Bangladesh police arrest TV reporter over labour unrest

Dhaka (AFP) - A local television journalist in Bangladesh has been arrested for inciting unrest in one of the country's biggest garment manufacturing zones, police said Saturday.

Nazmul Huda has been accused of "inaccurate reporting" on almost daily protests in Ashulia -- home to Bangladesh's biggest garment plants that make clothing for top Western brands like GAP, Zara and H&M -- according to a senior officer.

"He is accused of inciting illegal protests, holding secret meetings with seven labour leaders whom we've arrested, and trying to destabilise the government," head of Dhaka district police S.M. Shafiur Rahman told AFP.

He added that police have charged Huda under controversial information and technology laws, which have been widely used in Bangladesh to crack down on dissent.

Huda's arrest comes after mass protests by thousands of workers prompted the closure of 55 garment factories in Ashulia, on the outskirts of capital Dhaka.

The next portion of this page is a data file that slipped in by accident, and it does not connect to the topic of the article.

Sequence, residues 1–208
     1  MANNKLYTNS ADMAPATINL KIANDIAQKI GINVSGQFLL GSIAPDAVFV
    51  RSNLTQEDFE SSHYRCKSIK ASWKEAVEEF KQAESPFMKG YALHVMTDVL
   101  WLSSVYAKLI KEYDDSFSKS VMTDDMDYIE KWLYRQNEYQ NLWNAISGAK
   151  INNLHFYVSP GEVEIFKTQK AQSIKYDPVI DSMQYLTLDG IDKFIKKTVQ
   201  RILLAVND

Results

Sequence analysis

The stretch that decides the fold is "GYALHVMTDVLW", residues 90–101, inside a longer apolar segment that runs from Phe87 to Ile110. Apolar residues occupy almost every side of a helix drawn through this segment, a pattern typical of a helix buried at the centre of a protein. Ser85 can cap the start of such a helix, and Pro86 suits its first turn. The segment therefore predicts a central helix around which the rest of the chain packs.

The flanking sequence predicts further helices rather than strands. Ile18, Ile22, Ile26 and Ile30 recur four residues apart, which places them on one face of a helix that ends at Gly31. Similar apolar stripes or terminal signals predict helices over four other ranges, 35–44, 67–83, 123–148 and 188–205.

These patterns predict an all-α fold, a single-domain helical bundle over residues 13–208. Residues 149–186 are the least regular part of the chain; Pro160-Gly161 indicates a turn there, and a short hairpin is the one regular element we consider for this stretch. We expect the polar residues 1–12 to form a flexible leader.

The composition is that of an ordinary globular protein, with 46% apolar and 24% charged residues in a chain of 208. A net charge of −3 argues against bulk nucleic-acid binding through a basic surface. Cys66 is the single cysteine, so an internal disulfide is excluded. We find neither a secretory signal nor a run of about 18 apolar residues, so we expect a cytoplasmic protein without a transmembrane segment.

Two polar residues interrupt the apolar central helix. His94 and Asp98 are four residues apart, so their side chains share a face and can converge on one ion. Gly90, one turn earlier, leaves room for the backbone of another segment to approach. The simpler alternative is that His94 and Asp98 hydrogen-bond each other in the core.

Bangladesh's $30 billion garment industry has a woeful history of poor conditions for its four million workers, who are also among the lowest paid in the world's textile sector.

Those in Ashulia launched a strike two weeks ago to protest the firing of 121 colleagues, and subsequently demanded their salaries be tripled from 5,300 taka ($67) -- the current monthly minimum wage -- to 16,000 taka.

Several hundred policemen have been deployed in the industrial zone since the strike began and at least seven people who were leading the strike have been arrested.

Garment manufacturing makes up 80 percent of Bangladesh's exports and a prolonged interruption could have a cascading impact on the impoverished country's economy.

Huda, a correspondent for the private ETV network, was the first journalist to report on the shoddy structure of the Rana Plaza factory, just a day before it collapsed on April 24, 2013 and killed more than 1,100 people in one of the world's worst industrial disasters.

He shot video footage of the cracks that had developed at the Rana Plaza, which was later used as evidence in court.

He had also reported on how the owner of the rickety nine-storey garment complex forced thousands of workers to enter the building for their shifts despite cracks in its pillars, less than an hour before it caved in.

The tragedy triggered international outrage, forcing US and European clothing brands to improve deplorable safety conditions at the factories that supply them.

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